Context: Increasing numbers of patients with advanced cancer are receiving anticancer and/or palliative treatment in outpatient settings, and palliative care for outpatients with advanced cancer is being recognized as one of the most important areas for comprehensive cancer treatment. Objectives: The aim of this study was to evaluate pain intensity, quality of life, quality of palliative care, and satisfaction reported by outpatients with advanced cancer. Methods: Questionnaires were sent to 1493 consecutive outpatients with metastatic or recurrent cancer from four regions in Japan; 859 responses were analyzed (58%). Questionnaires included the Brief Pain Inventory, Good Death Inventory, Care Evaluation Scale, and a six-point satisfaction scale. Results: Approximately 20% of the patients reported moderate to severe pain. Whereas more than 70% agreed or strongly agreed with "good relationship with medical staff" and "being respected as an individual," less than 60% agreed or strongly agreed with "free from physical distress," "free from emotional distress," "maintaining hope," and "fulfillment at life's completion"; 54% reported some agreement with "feel a burden to others." About 20% reported that improvement is necessary in physical care by physicians, physical care by nurses, psycho-existential care, help with decision making, and coordination/consistency of care; 13% reported some levels of dissatisfaction. Conclusion: A considerable number of outpatients with metastatic or recurrent cancer experienced pain, physical symptoms, emotional distress, and existential suffering, and advocated improvements in palliative care across multiple areas.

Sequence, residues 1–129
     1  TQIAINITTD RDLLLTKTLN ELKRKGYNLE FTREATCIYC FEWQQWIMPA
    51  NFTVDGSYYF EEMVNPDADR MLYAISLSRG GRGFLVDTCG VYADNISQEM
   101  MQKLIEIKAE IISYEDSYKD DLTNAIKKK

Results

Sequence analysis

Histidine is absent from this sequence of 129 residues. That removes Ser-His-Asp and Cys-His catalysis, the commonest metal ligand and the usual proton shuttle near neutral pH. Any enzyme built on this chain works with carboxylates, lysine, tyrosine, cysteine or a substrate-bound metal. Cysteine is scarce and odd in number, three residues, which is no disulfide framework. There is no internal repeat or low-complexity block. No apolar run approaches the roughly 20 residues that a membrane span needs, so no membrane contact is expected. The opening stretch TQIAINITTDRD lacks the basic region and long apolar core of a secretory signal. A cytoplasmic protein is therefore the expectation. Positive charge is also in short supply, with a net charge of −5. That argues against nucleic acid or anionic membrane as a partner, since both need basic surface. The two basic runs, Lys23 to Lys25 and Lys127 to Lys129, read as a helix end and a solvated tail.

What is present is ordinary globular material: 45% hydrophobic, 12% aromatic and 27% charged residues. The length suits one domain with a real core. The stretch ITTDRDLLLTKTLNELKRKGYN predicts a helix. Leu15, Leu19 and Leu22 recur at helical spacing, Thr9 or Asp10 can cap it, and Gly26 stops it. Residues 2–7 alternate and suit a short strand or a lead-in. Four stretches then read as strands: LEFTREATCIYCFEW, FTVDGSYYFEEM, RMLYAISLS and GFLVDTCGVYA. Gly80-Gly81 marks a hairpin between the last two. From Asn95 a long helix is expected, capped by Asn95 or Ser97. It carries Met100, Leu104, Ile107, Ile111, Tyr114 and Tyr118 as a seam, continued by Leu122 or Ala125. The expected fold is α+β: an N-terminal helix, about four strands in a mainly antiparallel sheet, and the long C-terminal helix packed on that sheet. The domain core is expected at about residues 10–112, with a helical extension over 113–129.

ASJC Scopus subject areas
- Clinical Neurology
- Anesthesiology and Pain Medicine